Volatility in the financial markets likely to increase today
19/Jan/2016 • Currency Updates•
The quiet start to the week is set to be short-lived, with a string of significant announcements this morning, including a speech from Bank of England Governor Mark Carney, likely to increase volatility among the major currencies.
Throughout much of yesterday the major currencies traded within a narrow band. A bank holiday in the US contributed to the quiet day in terms of announcements and data releases among the world’s main economies.
Oil prices fell to a fresh 12-year low below $28 a barrel on Monday. Commodity-driven currencies have sold-off across the board in the past few months, with many, including the Russian Ruble, Norwegian Krone and Canadian Dollar all trading around multi-year or even record lows against the US Dollar. The multi-year lows suggest good buying opportunities across these commodity-driven currencies.
Focus today will be on the latest inflation figures from both sides of the Channel. UK inflation, a measure watched keenly by the BoE when deciding on interest rates, will be announced this morning. Consumer price growth is expected to exceed 0.1% on an annualised basis for the first time in 11 months, with any positive surprises likely to provide good support for Sterling today.
Sentiment for the Pound, however, remains weak. The currency has so far been unable to pull clear of five-and-a-half-year lows against the US Dollar. That being said, this is not necessarily a negative for the UK’s exporters. Those with foreign currency income, especially USD, will be benefitting from the current exchange rates.
Inflation figures in the Eurozone today could provide an early indication as to the effectiveness of the European Central Bank’s modest increase in monetary easing measures in December.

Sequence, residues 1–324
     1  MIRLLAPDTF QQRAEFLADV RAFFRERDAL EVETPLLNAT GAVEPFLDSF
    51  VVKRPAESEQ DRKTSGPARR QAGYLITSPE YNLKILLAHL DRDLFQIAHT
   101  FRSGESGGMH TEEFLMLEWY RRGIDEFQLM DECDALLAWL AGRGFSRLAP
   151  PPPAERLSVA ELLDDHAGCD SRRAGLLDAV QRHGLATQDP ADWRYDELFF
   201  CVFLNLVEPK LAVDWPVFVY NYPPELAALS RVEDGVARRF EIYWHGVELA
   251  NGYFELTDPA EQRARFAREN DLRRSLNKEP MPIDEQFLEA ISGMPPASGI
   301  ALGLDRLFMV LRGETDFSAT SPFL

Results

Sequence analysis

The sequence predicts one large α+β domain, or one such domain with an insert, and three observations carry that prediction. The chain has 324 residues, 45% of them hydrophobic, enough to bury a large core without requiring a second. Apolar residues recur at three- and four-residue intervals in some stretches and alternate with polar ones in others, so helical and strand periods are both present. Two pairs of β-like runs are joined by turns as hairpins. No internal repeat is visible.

Major currencies in detail:
The Pound continued to remain under pressure against its peers yesterday, with declining hopes of a 2016 BoE rate hike and concerns surrounding Britain’s EU referendum preventing any meaningful gains for the currency. Sterling ended 0.1% higher versus the US Dollar.
Recent uncertainty surrounding Britain’s future in the European Union has done little to help the Pound of late, which has skidded almost 10% against the US Dollar over the past six months.
Option market pricing now suggests that investors are increasing bets that an EU membership vote will take place at some point in the next six to nine months. This has concerned holders of Sterling, especially given recent estimates suggesting a ‘Brexit’ could shave as much as 1.5% of UK GDP and in turn limit the BoE’s ability to raise interest rates.
In terms of economic data, house prices, according to Rightmove, suggested a lack of price pressure in the housing market. Prices rose by just 0.5% over the Christmas period, despite an increase in demand.
A lack of announcements in the Eurozone kept movement in the single currency low on Monday, with the Euro ending unchanged versus the US Dollar during the London session.
The Euro has proved resilient so far this year, remaining within the 1.07-1.11 range since the ECB’s underwhelming monetary easing announcement at the beginning of December. The currency’s ability to hold its own against the US Dollar amid a divergence in monetary policy will depend heavily on the short-term decision-making of the ECB, which begins its two-day meeting on Wednesday.
We don’t expect any significant announcements or a change in policy from the Governing Council this week. However, we see a good chance easing measures will be expanded further at some point in the first half of the year, provided inflation remains at its currently subdued level.
The US Dollar was barely moved on Monday, ending just 0.1% higher against its major peers.
There were no economic releases or announcements in the US whatsoever on Monday due to a national holiday for Martin Luther King Day. Investors instead await significant economic releases later in the week.
Inflation figures on Wednesday will be the last major data release in the US before the Federal Reserve’s monetary policy meeting next week. Traders await clues with regards to the next interest rate hike in the US after the Federal Open Market Committee last month indicated that the US central bank could hike either three or four times this year.
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